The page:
Professional playground cedar chips laid 4 to 6 inches deep is very effective.  My favorite product is called Fiber Ex by Rexius Forest Products.  This application will last for a decade and is more affordable than synthetic lawn.

Synthetic Lawn

Other clients are using synthetic lawn quite happily with their pets. It looks good…you don’t need to water, fertilize or mow.  It’s easy to clean up and tough enough that even large dogs can romp and play and chase the ball.  I am installing a synthetic lawn this year on my 10’ x 10’ roof garden/balcony.  We (Daizzie and I) are both going to love the convenience and I like the look of it too.

Exercise your dog at the park

Some clients with very small backyards decide to make the backyard be for people.  We hang out with our pets in the backyard and they need a potty place or two.  Exercise happens at the dog park or on walks. Those backyard designs are all about patio, entertaining space and privacy plantings, not specific dog play areas.

Uchytil dog laying in planting box

A small area of  lawn works well for this client’s dog.

Shade grass seed

They have not made a good shade turf grass.  There are seed strains out there that say they are shade tolerant but trust me…..it’s not happening.  If the shade is very light there might be some lawns that will be thick enough for people to use but they don’t cut it for dogs to play on.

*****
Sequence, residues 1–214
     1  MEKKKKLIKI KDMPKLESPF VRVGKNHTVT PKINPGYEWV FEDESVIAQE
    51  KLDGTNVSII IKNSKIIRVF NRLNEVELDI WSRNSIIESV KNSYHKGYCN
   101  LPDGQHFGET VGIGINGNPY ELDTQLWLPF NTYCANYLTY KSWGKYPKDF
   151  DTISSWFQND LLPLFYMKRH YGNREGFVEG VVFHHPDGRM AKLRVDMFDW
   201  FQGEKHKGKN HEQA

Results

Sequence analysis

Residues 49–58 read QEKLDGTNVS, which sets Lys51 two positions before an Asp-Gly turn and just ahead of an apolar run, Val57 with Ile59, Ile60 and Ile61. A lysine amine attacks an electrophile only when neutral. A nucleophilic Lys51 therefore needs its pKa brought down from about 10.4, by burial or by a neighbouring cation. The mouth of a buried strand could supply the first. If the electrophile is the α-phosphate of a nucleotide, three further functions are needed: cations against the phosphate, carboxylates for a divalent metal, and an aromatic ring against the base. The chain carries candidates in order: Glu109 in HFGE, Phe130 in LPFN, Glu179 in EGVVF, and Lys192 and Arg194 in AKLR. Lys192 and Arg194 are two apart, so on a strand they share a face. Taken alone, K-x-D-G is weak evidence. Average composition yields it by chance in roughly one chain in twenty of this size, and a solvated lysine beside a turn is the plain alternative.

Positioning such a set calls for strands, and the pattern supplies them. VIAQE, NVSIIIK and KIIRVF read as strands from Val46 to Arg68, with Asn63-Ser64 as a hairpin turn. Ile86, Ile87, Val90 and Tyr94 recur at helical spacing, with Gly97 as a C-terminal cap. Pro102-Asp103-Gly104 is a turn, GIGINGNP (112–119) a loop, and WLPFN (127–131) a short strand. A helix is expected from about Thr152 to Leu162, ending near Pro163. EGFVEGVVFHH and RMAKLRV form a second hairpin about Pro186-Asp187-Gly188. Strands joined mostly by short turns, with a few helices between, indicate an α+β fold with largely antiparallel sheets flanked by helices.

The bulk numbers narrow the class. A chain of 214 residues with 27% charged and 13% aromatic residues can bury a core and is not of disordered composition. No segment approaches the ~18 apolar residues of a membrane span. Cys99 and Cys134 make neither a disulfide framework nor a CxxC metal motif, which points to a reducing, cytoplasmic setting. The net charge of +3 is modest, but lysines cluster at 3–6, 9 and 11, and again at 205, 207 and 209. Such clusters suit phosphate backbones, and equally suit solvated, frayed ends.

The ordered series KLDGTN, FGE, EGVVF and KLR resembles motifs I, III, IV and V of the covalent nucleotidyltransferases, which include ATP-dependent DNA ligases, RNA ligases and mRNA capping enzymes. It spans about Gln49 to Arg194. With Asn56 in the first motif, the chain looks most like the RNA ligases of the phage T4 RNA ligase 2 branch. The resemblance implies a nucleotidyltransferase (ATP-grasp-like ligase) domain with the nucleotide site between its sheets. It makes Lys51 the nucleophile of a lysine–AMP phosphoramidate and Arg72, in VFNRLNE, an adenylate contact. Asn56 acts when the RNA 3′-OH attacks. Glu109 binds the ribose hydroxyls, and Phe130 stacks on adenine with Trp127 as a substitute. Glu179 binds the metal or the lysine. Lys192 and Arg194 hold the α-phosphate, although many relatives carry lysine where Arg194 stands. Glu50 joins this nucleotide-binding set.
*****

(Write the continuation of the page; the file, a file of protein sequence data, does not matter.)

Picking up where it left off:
Give yourself a break from the mud and look at alternatives.  If you are like these clients you will be very happy you did.

 

 

 

Ferns for Portland Landscape Designers

NW Portland Hillside Garden design by Landscape Design in a Day

Himalayan Maidenhair Fern – Adiantum venustum creeps through rockery. Photo is from one of my Willamette Heights Landscape Designs in Portland, Oregon.

Ferns for Portland Landscape Designers

I’ve been following Judith Jones and her career as a fern expert extraordinary before social media existed.  She’s been my fern guru for 20 years and I’ve tried to catch her lectures when she comes to Portland at Joy Creek Nursery, HPSO plant sales and garden shows.  My favorite Judith sighting was at the Seattle Flower and Garden Show when her show garden as the set for the Flintstones.  She was dressed as Wilma complete with a bone in her hair.  There was a dozen or more 8’ tall tree ferns and a 20’ tall volcano.  It looked like a real tropical fern forest.  It’s still my favorite show garden of all times.  She and her nursery Fancy Fronds have been my source for ferns in my designs.